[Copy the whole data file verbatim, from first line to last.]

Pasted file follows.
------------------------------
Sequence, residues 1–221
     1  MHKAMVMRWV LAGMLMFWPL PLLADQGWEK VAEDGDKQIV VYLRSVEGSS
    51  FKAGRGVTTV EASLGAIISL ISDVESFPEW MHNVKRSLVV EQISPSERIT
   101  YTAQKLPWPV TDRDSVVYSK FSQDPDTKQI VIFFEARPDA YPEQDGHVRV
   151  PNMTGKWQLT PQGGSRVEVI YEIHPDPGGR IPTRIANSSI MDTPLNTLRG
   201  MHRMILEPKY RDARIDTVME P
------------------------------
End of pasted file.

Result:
Sequence, residues 1–221
     1  MHKAMVMRWV LAGMLMFWPL PLLADQGWEK VAEDGDKQIV VYLRSVEGSS
    51  FKAGRGVTTV EASLGAIISL ISDVESFPEW MHNVKRSLVV EQISPSERIT
   101  YTAQKLPWPV TDRDSVVYSK FSQDPDTKQI VIFFEARPDA YPEQDGHVRV
   151  PNMTGKWQLT PQGGSRVEVI YEIHPDPGGR IPTRIANSSI MDTPLNTLRG
   201  MHRMILEPKY RDARIDTVME P